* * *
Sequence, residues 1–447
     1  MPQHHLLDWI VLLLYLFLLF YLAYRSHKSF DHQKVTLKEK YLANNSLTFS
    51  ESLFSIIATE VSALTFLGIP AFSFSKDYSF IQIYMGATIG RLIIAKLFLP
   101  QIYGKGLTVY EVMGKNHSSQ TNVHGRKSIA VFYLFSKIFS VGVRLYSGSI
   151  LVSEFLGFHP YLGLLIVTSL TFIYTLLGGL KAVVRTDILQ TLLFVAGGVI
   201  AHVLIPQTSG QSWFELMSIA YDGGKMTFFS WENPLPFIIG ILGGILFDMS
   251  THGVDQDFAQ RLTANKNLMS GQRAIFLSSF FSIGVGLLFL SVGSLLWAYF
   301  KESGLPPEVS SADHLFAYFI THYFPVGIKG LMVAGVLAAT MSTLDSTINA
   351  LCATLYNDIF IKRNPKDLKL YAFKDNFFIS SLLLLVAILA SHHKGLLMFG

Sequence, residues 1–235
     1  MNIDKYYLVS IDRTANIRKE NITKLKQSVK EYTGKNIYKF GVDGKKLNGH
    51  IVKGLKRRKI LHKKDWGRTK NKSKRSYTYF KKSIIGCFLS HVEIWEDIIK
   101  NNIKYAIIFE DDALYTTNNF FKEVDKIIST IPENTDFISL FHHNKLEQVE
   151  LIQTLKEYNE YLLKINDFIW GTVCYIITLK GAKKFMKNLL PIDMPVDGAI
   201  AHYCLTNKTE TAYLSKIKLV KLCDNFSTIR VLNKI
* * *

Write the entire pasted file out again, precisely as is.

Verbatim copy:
Sequence, residues 1–447
     1  MPQHHLLDWI VLLLYLFLLF YLAYRSHKSF DHQKVTLKEK YLANNSLTFS
    51  ESLFSIIATE VSALTFLGIP AFSFSKDYSF IQIYMGATIG RLIIAKLFLP
   101  QIYGKGLTVY EVMGKNHSSQ TNVHGRKSIA VFYLFSKIFS VGVRLYSGSI
   151  LVSEFLGFHP YLGLLIVTSL TFIYTLLGGL KAVVRTDILQ TLLFVAGGVI
   201  AHVLIPQTSG QSWFELMSIA YDGGKMTFFS WENPLPFIIG ILGGILFDMS
   251  THGVDQDFAQ RLTANKNLMS GQRAIFLSSF FSIGVGLLFL SVGSLLWAYF
   301  KESGLPPEVS SADHLFAYFI THYFPVGIKG LMVAGVLAAT MSTLDSTINA
   351  LCATLYNDIF IKRNPKDLKL YAFKDNFFIS SLLLLVAILA SHHKGLLMFG

Sequence, residues 1–235
     1  MNIDKYYLVS IDRTANIRKE NITKLKQSVK EYTGKNIYKF GVDGKKLNGH
    51  IVKGLKRRKI LHKKDWGRTK NKSKRSYTYF KKSIIGCFLS HVEIWEDIIK
   101  NNIKYAIIFE DDALYTTNNF FKEVDKIIST IPENTDFISL FHHNKLEQVE
   151  LIQTLKEYNE YLLKINDFIW GTVCYIITLK GAKKFMKNLL PIDMPVDGAI
   201  AHYCLTNKTE TAYLSKIKLV KLCDNFSTIR VLNKI